Writer-director Scott Derrickson is gaining a reputation as one of the American horror cinema’s most promising tinkerers, apparently motivated to seek out eye-catching new frameworks for long-troubling campfire stories. Derrickson’s 2005 hit The Exorcism of Emily Rose was an odd, not wholly successful attempt to pass an alleged tale of demonic possession through the Law & Order procedural cookiecutter. With belated follow-up Sinister, the filmmaker has taken the pith of those now tired-seeming found-footage movies (think Blair Witch, Cloverfield et al.) and crafted something gripping and involving around it.
Vaguely desperate true crime writer Ellison Oswalt (Ethan Hawke) – ten years from his last commercial success, haunted by a book that let a killer go free, prone to drinking: a man ripe for an unravelling, in other words – has moved with his family to pen his latest opus in a neighbourhood where a family was murdered, and a young child went missing, only a short while before. Oswalt’s wife Tracy (Juliet Rylance) has her reservations, wondering “We didn’t move in a few houses down from a crime scene again, did we?” He assures her no, that’s not the case; he’s right, but in all the wrong ways.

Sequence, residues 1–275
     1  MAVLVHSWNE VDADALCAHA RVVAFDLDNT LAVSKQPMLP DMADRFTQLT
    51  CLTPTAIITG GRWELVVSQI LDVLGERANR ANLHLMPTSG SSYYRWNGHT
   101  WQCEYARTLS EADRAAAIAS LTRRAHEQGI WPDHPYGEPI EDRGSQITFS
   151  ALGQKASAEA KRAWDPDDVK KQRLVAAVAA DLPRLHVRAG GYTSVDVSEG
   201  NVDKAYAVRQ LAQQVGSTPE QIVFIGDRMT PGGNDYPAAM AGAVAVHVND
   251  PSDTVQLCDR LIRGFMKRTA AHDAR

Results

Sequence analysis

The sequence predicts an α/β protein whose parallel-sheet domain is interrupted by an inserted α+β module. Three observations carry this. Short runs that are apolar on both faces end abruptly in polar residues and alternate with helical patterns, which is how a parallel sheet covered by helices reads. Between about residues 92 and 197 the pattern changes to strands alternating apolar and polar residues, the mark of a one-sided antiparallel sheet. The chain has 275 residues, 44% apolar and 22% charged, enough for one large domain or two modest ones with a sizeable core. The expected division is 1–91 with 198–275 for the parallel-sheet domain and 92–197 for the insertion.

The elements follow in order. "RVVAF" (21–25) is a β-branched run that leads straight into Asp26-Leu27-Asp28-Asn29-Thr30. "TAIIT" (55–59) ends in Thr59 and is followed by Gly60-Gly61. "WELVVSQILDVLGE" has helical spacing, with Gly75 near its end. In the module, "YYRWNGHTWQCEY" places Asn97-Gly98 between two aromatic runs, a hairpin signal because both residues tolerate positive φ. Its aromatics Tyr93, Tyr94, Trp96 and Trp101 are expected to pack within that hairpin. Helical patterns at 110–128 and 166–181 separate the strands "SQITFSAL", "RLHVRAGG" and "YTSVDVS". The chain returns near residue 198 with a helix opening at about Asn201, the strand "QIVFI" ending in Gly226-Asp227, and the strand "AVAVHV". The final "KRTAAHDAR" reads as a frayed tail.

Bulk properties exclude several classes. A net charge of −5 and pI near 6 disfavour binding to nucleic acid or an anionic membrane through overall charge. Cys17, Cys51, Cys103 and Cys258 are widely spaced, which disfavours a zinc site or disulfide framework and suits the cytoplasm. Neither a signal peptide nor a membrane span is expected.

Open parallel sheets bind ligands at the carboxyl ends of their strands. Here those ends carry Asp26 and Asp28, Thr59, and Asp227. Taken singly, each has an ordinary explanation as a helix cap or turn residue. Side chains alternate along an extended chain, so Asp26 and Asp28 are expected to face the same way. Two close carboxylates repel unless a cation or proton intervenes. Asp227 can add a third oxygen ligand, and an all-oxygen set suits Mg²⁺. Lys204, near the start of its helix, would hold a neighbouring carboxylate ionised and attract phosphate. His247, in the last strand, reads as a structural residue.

Nobody’s nerves are calmed when a box containing dusty reels of Super-8 film is discovered in the attic: given deceptively jovial labels (“Pool Party”, “B-B-Q” etc.), these canisters feature Kodachromed family memories juxtaposed with footage of vile torture-murders. Immediately, protagonist and viewer are united as one: we’re both left sitting fearfully in the dark, parsing a handful of flickering images for clues. It turns out these films-within-the-film aren’t the unresolved odds-and-ends common to found-footage horror, but a grisly complete legacy, with its own narrative arc and a final (not unguessable) revelation.
That half of the film that doesn’t play out on the walls of Ellison Oswalt’s private screening room is left to unreel on the leading man’s face, and Hawke gives as committed a performance within this kind of role as Johnny Depp in Secret Window or John Cusack in 1408. Even the fitful Emily Rose coaxed interesting moments from the likes of Laura Linney, Tom Wilkinson and Campbell Scott, and again you see how unusually attuned Derrickson is to actors from the time and space he affords Hawke and Rylance to work through the marital meltdown that follows when Tracy finds out why, in the current sluggish marketplace, this house was such a snip.
Around these characters, sonic whizzes Marc Aramian and Dane A. Davis and composer Christopher Young concoct an abstract, unsettling soundscape, in which even the once-reassuring whirr of the projector comes to hint that something’s not right. Not surprisingly so, given those Super-8 films Derrickson has left us with: these genuinely creepy artefacts are shot and cut in such a way as to make the flesh crawl on an impressively regular basis. Sinister is nothing to change the medium, certainly, but it’s a brisk, effective lesson in the manipulation of the image – and of the audience compelled to keep watching it.
Sinister opens nationwide today.